Whilst Firefox and IE position themselves in the playground of general-purpose browsers, Chrome chooses to target the support of the new generation of Applications delivered over the web (ensuring, of course, a backward compatibility with the legacy of the web, i.e. the “web pages”). This is a big revolution;  Google decided to break the politeness game, where Microsoft and “the others” actually have chosen to improve the experience (of using a browser) without changing the scope (and, thus, keeping the constraints).

Of course, this was not done accidentally, or because of the simple evolution of the technology (even if, from this point of view, what I have tried since when I first downloaded Chrome is simply remarkable!).
All the toys that Google gave us in the last years actually needed something more that what a general-purpose browser was providing. More precisely: Google Gears deserved a more coherent and robust environment! Chrome becomes a container for applications delivered over the web!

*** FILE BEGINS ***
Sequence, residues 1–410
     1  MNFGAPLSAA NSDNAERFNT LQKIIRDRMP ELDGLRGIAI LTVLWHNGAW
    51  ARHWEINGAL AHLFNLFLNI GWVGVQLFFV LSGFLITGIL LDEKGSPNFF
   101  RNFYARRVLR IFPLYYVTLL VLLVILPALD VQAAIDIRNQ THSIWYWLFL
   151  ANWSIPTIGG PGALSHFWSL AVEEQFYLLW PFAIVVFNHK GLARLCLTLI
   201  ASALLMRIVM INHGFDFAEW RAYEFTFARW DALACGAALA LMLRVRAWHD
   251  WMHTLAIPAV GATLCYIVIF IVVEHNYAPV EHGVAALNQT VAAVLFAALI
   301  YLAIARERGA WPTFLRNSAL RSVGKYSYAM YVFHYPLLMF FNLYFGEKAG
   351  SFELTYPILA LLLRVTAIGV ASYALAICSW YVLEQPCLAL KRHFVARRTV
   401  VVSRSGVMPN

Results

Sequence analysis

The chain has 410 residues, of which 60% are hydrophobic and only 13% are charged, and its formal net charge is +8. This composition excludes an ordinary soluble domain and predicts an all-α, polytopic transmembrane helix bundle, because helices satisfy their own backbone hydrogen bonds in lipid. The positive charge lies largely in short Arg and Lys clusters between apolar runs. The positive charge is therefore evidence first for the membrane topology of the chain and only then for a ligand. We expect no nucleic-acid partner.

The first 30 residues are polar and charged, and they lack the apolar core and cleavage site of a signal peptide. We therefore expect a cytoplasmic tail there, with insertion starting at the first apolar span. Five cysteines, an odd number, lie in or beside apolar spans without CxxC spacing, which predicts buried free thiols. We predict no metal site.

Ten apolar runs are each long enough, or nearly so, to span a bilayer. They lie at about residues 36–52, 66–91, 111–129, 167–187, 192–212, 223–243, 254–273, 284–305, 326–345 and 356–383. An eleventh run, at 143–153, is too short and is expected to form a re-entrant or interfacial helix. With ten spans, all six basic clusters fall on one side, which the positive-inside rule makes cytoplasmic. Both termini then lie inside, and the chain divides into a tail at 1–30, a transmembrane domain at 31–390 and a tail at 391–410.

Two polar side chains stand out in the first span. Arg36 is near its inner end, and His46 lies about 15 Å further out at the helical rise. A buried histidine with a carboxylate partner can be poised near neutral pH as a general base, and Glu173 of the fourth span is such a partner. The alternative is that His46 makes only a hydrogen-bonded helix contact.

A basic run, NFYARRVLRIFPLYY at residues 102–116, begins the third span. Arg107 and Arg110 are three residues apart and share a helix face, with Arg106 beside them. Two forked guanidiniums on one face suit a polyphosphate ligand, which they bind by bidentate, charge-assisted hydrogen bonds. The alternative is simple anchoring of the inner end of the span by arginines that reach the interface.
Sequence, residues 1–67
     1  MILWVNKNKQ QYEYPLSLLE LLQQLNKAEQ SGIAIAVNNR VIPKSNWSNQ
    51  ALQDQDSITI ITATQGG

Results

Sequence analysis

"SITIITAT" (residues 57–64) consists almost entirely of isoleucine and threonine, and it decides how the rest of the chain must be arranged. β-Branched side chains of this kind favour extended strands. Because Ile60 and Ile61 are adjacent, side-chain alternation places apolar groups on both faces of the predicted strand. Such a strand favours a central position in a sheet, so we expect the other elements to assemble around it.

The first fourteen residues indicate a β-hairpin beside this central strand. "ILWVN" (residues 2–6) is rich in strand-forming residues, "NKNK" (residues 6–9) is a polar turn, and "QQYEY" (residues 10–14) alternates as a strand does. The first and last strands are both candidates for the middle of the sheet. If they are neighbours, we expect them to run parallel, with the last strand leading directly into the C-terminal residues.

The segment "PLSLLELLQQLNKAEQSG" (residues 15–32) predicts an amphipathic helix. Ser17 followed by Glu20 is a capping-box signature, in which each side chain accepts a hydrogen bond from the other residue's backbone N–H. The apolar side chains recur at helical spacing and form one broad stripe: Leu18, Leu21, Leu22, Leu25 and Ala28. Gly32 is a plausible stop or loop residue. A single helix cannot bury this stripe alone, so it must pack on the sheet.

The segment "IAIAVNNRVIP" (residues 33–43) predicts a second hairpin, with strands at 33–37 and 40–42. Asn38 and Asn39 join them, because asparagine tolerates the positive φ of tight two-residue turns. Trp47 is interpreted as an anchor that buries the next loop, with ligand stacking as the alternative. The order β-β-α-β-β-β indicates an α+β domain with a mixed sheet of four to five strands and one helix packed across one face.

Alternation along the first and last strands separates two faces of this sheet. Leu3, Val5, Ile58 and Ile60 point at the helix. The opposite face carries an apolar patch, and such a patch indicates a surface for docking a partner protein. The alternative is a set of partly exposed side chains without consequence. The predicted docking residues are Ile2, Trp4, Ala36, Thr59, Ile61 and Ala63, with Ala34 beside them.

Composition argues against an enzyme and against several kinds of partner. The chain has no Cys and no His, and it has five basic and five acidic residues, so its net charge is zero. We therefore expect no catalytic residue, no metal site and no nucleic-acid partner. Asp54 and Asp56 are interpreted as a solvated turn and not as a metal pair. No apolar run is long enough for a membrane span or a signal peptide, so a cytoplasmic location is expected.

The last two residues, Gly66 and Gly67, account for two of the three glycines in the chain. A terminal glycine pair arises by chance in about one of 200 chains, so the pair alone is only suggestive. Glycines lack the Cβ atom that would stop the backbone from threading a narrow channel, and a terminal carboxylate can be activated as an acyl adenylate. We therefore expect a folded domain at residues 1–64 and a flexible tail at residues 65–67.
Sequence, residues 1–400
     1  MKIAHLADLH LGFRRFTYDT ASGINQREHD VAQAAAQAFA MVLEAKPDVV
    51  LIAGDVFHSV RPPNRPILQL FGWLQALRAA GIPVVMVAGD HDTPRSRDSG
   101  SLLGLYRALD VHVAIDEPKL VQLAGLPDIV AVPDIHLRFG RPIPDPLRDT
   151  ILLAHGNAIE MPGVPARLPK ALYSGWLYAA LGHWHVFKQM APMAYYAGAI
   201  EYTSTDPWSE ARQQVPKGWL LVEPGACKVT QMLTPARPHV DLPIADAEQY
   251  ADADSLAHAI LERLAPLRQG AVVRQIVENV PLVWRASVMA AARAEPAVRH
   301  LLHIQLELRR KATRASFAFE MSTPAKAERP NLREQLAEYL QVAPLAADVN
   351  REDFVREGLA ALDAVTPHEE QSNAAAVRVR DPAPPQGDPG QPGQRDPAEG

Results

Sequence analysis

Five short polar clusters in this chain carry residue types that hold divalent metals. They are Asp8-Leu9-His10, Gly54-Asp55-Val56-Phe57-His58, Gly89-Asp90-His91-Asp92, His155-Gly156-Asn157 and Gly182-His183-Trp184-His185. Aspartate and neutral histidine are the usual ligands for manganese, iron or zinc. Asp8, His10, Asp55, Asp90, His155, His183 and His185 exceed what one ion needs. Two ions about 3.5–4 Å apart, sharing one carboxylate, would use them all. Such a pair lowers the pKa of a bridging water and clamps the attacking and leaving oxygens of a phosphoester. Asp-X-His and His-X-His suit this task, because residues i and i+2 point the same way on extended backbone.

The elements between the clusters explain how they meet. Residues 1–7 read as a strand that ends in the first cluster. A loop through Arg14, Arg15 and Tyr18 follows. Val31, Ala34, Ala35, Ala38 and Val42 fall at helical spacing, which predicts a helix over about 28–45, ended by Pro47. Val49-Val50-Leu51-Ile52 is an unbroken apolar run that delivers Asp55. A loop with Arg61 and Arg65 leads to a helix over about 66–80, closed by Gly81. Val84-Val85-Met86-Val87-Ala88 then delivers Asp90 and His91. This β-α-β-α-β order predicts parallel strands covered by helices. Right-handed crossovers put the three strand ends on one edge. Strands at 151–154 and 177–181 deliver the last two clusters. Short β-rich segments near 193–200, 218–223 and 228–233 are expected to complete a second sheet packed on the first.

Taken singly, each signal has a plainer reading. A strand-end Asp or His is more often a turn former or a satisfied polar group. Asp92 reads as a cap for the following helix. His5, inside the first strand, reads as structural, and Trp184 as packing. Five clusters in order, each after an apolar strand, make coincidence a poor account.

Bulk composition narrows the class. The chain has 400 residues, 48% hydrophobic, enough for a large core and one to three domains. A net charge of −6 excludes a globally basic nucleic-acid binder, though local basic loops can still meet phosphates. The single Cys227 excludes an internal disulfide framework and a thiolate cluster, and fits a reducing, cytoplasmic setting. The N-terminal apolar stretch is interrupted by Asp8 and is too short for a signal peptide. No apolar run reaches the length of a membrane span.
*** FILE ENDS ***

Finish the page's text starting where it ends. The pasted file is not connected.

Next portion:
In the long term, we think of Chromium as a tabbed window manager or shell for the web rather than a browser application. We avoid putting things into our UI in the same way you would hope that Apple and Microsoft would avoid putting things into the standard window frames of applications on their operating systems … The tab is our equivalent of a desktop application’s title bar; the frame containing the tabs is a convenient mechanism for managing groups of those applications. In future, there may be other tab types that do not host the normal browser toolbar. (see the User Experience Section on Chromium)

Adobe moved to AIR from Flex. Microsoft moved to Silverlight from WPF.